5 Dorene Kanoh, VP 50 Fremont St., Ste San Francisco, CA tel Dorene Kanoh, VP 152 N. 3rd St., Ste. 603 San Jose, CA tel COST-EFFECTIVE DISPUTE RESOLUTION Alameda-Contra Costa Trial Lawyers Association 1884 Knox Street Castro Valley, CA Officers A. Charles Dell Ario, President Lyle C. Cavin, President-Elect Alexis McKenna, Treasurer Jim W. Yu, Secretary Executive Director Patricia A. Parson Stephen Blitch, Esq. $450/hour Michael Carbone, Esq. $465/hour Hon. Joseph Carson (Ret.) $400/hour Hon. Alfred Chiantelli (Ret.) $500/hour Hon. James Emerson (Ret.) $425/hour Board of Governors Anne Beles Nick Casper Jay Chafetz Rica Cruz-Santo Robert B. Gray Matthew D. Haley Marjorie Heinrich Jo Ann Kingston Suizi Lin Kristin Lucey Kristoffer Mayfield James O Donnell Ryan Otis Richard Phelps Ian Rivamonte John Schreiber Joseph Tomasik Hon. Richard Flier (Ret.) $400/hour Hon. Bonnie Sabraw (Ret.) $425/hour Hon. Richard Hodge (Ret.) $500/hour Hon. M.O. Sabraw (Ret.) $400/hour Eric Ivary, Esq. $400/hour Hon. Alex Saldamando (Ret.) $400/hour Real Estate Law Litigation Transactions Leases Case Referrals and Associations Welcomed Real Estate Law Offices of David L. Roth 1425 Leimert Blvd., Suite 405 Oakland, CA (510) Hon. David Lee (Ret.) $400/hour Hon. Douglas Swager (Ret.) $425/hour Member ACCTLA AV Rated Michael McCabe, Esq. $350/hour Hon. James Trembath (Ret.) $425/hour Peter Alfert Bryce C. Anderson Kelly Balamuth Richard J. Baskin Richard D. Bridgman Lyle Cavin Stephen H. Cornet Steven W. Derby Brian P. Evans Daneen C. Flynn William Gagen, Jr. William D. Gibbs J. Gary Gwilliam John Hallbauer Molly Harrington David Hicks Peter J. Hinton Eric H. Ivary Steven Kazan Past Presidents Micha Star Liberty Michael J. Markowitz David McClain Patrick J. McMahon Anthony Petru Paul L. Rein Elise R. Sanguinetti Eric Schnumacher Robert G. Schock Julia Sherwin Aaron Simon Richard J. Simons Scott H.Z. Sumner John M. Starr Leroy F. Vadney R. Lewis Van Blois William F. Whiting THE Verdict A publication of the Alameda-Contra Costa Trial Lawyers Association - Since Editor-in-Chief Suizi O. Lin Law Offices of Suizi Lin Managing Editor Rica Cruz Santo Kathleen K. Reeves & Associates Advertising, Design & Production Young Design The Verdict 5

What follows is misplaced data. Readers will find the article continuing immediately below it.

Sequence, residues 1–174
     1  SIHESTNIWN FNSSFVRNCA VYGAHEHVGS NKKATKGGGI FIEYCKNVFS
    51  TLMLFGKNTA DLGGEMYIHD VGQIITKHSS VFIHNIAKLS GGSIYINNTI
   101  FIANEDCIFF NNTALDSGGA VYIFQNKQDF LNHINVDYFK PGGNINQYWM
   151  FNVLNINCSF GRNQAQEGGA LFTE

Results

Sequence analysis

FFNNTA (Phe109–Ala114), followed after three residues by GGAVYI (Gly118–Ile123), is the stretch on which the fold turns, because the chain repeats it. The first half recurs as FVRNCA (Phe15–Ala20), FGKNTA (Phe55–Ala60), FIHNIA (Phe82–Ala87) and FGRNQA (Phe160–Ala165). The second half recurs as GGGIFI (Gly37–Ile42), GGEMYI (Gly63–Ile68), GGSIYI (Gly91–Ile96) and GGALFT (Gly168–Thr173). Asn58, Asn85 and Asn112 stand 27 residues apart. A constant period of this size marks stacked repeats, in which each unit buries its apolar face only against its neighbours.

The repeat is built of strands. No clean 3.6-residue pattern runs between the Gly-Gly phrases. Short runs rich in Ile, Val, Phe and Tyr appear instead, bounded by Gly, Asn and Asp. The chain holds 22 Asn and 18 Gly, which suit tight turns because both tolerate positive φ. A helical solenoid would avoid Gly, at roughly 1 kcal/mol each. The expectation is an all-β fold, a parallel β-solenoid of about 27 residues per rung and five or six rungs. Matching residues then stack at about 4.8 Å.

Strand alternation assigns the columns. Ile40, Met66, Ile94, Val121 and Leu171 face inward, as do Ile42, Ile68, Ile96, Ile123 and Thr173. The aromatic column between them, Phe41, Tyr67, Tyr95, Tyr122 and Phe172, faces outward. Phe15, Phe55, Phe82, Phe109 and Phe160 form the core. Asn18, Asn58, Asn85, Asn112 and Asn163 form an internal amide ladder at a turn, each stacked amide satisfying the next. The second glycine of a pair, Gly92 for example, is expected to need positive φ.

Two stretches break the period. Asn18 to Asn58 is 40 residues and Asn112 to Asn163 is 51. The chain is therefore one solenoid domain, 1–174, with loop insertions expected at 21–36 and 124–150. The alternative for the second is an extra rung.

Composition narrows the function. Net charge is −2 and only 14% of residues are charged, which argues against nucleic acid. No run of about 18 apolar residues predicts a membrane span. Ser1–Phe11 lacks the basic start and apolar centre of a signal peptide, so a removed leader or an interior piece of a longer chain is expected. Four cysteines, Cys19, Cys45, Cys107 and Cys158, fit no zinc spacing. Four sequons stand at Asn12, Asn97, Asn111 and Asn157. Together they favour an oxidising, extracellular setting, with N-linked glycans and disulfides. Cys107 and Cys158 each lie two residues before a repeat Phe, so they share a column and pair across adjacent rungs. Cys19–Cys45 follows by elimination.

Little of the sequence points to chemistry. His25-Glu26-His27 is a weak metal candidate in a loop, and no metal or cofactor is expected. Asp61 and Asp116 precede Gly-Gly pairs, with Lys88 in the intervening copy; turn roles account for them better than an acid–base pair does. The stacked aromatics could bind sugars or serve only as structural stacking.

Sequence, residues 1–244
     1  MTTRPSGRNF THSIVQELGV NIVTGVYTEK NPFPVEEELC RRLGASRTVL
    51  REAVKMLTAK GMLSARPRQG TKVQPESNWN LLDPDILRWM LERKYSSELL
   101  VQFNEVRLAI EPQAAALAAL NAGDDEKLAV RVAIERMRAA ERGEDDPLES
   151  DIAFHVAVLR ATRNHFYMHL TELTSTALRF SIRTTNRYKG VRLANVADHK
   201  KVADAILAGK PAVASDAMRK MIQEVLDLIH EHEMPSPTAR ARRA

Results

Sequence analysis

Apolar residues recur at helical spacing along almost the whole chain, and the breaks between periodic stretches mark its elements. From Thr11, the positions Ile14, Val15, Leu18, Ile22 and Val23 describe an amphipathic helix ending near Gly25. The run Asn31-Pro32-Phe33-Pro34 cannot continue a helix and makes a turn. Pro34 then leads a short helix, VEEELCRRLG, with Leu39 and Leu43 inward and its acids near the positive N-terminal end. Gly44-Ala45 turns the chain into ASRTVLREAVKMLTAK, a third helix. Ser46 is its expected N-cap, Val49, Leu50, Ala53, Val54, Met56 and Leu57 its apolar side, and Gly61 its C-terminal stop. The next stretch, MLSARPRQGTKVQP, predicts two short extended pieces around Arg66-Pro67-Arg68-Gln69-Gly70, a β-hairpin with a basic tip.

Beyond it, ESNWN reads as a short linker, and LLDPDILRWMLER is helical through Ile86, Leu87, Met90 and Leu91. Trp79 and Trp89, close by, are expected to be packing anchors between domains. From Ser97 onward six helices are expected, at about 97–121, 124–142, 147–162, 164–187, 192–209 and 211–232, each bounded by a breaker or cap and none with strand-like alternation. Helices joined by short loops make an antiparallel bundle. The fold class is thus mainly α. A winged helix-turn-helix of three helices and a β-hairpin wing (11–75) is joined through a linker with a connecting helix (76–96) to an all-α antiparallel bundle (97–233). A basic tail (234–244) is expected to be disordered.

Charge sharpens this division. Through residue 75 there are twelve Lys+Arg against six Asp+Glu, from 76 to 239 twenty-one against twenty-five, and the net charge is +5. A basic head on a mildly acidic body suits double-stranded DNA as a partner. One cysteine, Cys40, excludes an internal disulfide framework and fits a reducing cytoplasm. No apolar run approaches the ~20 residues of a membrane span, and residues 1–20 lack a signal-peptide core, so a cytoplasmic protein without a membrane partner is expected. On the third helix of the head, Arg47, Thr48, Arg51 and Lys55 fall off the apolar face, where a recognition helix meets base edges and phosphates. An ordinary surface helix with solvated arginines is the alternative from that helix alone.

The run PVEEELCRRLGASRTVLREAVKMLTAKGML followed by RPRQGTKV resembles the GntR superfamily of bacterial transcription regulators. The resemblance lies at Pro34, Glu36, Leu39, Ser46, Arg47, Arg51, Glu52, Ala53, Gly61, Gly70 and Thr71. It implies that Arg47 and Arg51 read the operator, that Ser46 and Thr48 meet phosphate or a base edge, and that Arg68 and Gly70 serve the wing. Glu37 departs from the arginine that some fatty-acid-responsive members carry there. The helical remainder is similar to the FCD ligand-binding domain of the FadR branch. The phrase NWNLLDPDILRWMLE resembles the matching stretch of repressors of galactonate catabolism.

6 ACCTLA s Mentoring Program Editors Corner Take advantage of ACCTLA s Mentoring Program to improve the quality of litigation in our courts. Attorneys who call will be referred to a mentor attorney for a free consultation. The mentor will not prepare your case but will assist you in your approach to the case. This program is not just for newer attorneys, but also is available for seasoned practitioners who run into problems or simply want to bounce ideas off another seasoned prac titioner. The mentors who are all ACCTLA members have varied degrees of experience in varied areas of the law, and can address your concerns regarding Motions in Limine, jury selection, problems that arise during trial or issues relating to proposed instructions, or questions involving any of the earlier stages of litigation. For further information, please contact: Patricia A. Parson ACCTLA Executive Director (510) This edition focuses on experts, which in some cases can be a necessary evil, as they may make or break your case. First off, we get tips from the masters about specific types of experts: Accident Reconstructions, by Lew Van Blois; Neuropsychologists, by Rick Simons; Physical Medicine and Rehabilitation Physicians, by Stan Casper and Nick Casper; Slip and Fall Industry Experts, by Steve Derby; and The Toxicology Expert, by Martin L. Jaspovice. The masters address who, what, and when, as well as what must be asked in the expert depositions. We also have an article by our President Charles Dell Ario about expert issues in appeals, and an article by one of our board members, Jay Chafetz, on handling experts at trail. We also introduce a new feature: Just the Basics. This column will provide new lawyers with a basic understanding of a specific legal issue. In this edition, we address the basics of taking and defending expert depositions. The final issue of the year will present articles concerning pre-litigation settlement via demand letters; mediation, arbitration and Kaiser arbitration. We expect to have this edition in your hands by January If you are interested in authoring an article for an upcoming edition, or providing witticisms via your literary skills, please Suizi Lin at or call u The Verdict Editors are Looking for YOU! p Are you funny? witty? The legal equivalent to Will Durst or Stephen Cobert? If so... The Verdict wants you for a new segment adding humor to the magazine through funny, witty commentary on current legal issues. Contact Suizi Lin at com - or Editor-in-Chief Suizi Lin represents the injured party in a myriad of personal injury claims. The principal of the Law Offices of Suizi Lin, she is also an independent con tractor to Bay Area personal injury law firms. Publications committee member Jay Chafetz represents the injured party in personal injury, medical malpractice, wrongful death, elder abuse/neglect, child sexual abuse, product liability, miscellaneous torts, and contested will or trust matters. The Law Offices of Jay Chafetz is located in Walnut Creek. Managing Editor Rica Cruz Santo is an associate at the firm of Kathleen K. Reeves & Associates. Her practice includes all aspects of divorce and legal separation, child custody, support and visitation. 6 Fall 2011